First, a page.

While state Department of Transportation officials have allowed I-95 deteriorate through neglect, the state has managed to find money to widen Interstate 85 from Durham to Greensboro and from Greensboro to Charlotte, and Interstate 40 from Raleigh through Winston-Salem. North Carolina also found the money to build I-485 around Charlotte, an I-85/40 bypass around Greensboro, the I-40 bypass around Winston-Salem, the I-540 bypass (northern half) around Raleigh and the I-240 bypass around Asheville. It is even turning U.S. 220 and U.S. 74 into an interstate running from Virginia through Greensboro to Wilmington, all while I-95 was crumbling with neglect.

Such favoritism is patently unfair, and the public should rise up in protest against this inequity. Elmers' bill might not succeed in halting this ill-advised discrimination against residents of the I-95 corridor, but it will at least shine a light on the iniquitous inequity of this proposal.

Monday, March 5, 2012

Limbaugh with foot firmly in mouth

There was a time when I listened to Rush Limbaugh. It was the late 1980s or early 1990s. Limbaugh was new to his national radio network and was little known. WPTF, the AM station in Raleigh, carried his show, and I would listen for five minutes or so while driving to and from lunch.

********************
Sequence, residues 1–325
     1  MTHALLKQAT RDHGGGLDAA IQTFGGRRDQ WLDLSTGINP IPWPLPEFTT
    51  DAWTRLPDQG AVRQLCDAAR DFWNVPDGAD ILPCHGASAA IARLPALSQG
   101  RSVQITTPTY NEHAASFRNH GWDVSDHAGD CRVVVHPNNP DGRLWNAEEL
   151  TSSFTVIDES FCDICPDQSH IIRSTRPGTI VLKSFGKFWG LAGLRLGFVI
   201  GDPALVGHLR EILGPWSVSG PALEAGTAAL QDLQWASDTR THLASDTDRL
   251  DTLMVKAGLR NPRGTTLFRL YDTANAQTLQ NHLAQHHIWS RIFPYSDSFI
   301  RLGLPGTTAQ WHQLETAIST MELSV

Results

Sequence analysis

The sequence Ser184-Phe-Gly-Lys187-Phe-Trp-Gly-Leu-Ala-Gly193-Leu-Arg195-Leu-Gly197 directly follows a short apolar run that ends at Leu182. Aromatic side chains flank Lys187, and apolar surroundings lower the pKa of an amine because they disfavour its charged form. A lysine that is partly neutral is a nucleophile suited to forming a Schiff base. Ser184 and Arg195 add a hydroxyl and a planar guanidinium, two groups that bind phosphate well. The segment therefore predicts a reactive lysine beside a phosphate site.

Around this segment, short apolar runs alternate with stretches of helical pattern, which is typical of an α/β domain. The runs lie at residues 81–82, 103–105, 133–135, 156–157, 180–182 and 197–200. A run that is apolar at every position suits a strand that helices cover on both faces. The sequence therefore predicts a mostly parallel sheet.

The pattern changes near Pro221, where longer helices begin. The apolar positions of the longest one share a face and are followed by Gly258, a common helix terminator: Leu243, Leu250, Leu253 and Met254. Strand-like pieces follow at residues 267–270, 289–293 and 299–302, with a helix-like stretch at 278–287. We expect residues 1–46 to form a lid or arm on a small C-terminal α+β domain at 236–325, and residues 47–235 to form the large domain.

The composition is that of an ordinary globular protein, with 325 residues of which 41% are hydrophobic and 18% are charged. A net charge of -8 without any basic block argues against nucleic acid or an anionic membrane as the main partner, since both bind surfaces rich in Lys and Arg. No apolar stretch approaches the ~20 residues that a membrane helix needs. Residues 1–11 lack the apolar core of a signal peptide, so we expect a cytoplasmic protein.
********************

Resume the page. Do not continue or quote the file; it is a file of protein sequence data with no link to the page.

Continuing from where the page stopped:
I found him entertaining, and, at the time, Limbaugh did not seem to take himself seriously. He could be funny and self-deprecating. And although he was partisan, he refrained from the meanness that has characterized his sermons lately. He rapidly expanded his outreach, briefly had a television show, a line of neckties and Rush cruises. I suspect it all went to his head; it certainly went to his wallet. In the past 10 years, I probably have not listened to two minutes of his monologues.

I have listened to and watched his diatribe against a Georgetown University student who testified before Congress about her need for contraceptive coverage in her student health plan. To say that Limbaugh's criticism was insulting, over-the-top, mean and ugly hardly does it justice. Now, he has apologized (when was the last time that happened?) and has lost advertisers because of his name-calling.